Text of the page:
The coach left at a few minutes before 6am. We were given seats at the back. The coach managed a pretty impressive speed and the driver was excellent. The scenery to the border was still snow covered mountains and small poor looking villages of mainly mud huts. The road was virtually empty of traffic. At the border everything was unloaded from the coach and our passports and health certificates were scrutinised by the Turkish side. The Iranian border guards declared that Michael's visa was invalid which was annoying as all three (Michael, Heather and mine) had been issued at the very same time by the Embassy in London. After a lively discussion, they eventually stamped the visa and let him through. The customs area checked our luggage and added "camera" next to our visa. There was a restaurant at the border and we enjoyed a good filling meal of meat and rice for 55 Rials - as stated earlier in the series of blogs, the proportion of meat in meals gradually reduced as we travelled east and butter was added to the top of mound of rice. We were pleasantly surprised that we received a pretty decent exchange rate at the border (£1=200 Rials).
We were told that the coach would be stopping overnight in Tabriz - good news as not travelling through the night is not fun. We stopped en-route once more for a tea before arriving at the hotel in Tabriz at 7.30pm - another long travelling day survived. Since the border, the scenery had changed. The villages seemed larger and there was more livestock to be seen - sheep and cattle and clumps of hay. There were also several camel trains. As we entered Tabriz, there was a beautiful glass clocktower. We were taken to a cheap hotel but it was reasonable for the price - Hotel Palas for 50 rials. There was no hot water again but some heating the room (not much though). I shared with John and an American who did not return for the night. It was trying to snow and was cold. We walked around the corner from the hotel and within a few minutes found a clean looking restaurant and ordered the now normal rice and meat. Back at the hotel, our only outstanding problem was that no-one seemed to know the departure time for the coach tomorrow morning.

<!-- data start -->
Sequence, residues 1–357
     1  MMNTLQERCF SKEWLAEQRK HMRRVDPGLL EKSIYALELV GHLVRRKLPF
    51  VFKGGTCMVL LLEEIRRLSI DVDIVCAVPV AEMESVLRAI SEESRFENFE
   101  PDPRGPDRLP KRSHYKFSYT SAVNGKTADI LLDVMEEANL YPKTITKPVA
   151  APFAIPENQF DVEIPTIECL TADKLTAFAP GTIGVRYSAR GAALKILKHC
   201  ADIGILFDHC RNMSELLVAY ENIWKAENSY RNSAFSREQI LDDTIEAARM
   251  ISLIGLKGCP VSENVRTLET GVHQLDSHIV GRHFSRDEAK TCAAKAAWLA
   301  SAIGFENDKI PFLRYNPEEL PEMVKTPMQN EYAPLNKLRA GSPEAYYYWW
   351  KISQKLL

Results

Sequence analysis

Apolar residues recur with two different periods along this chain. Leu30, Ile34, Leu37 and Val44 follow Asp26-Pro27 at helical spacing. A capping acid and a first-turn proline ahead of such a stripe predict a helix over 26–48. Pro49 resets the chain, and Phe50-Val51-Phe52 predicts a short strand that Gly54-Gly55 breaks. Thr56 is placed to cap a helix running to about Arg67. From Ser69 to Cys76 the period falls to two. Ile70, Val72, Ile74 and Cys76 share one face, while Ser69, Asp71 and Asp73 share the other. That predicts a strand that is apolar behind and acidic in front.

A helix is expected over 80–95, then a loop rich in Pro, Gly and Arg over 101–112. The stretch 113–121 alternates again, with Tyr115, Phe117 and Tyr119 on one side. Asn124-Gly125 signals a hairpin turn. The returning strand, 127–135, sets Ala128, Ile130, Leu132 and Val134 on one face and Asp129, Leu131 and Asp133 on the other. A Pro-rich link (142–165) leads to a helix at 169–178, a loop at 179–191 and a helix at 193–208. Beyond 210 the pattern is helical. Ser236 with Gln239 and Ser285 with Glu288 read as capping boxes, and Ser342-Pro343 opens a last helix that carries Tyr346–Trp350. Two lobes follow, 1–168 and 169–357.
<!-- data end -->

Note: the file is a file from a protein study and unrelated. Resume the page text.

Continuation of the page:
Travelled overland to Australia in 1972 taking 4 months and after 20 months in Australia travelled back through Indonesia taking 3 months. I have read and admired lots of blogs on this website and have decided to add my diary from my first travels. I will endeavour to update my pages in line with the 1972 dates. Unfortunately my films from London to Kabul were lost in the post and therefore I cannot add my own photographs until later in the journey! The first ten days were spent travelling through Germany and some days were staying with student friends hence they are less challenging (and mayb... full info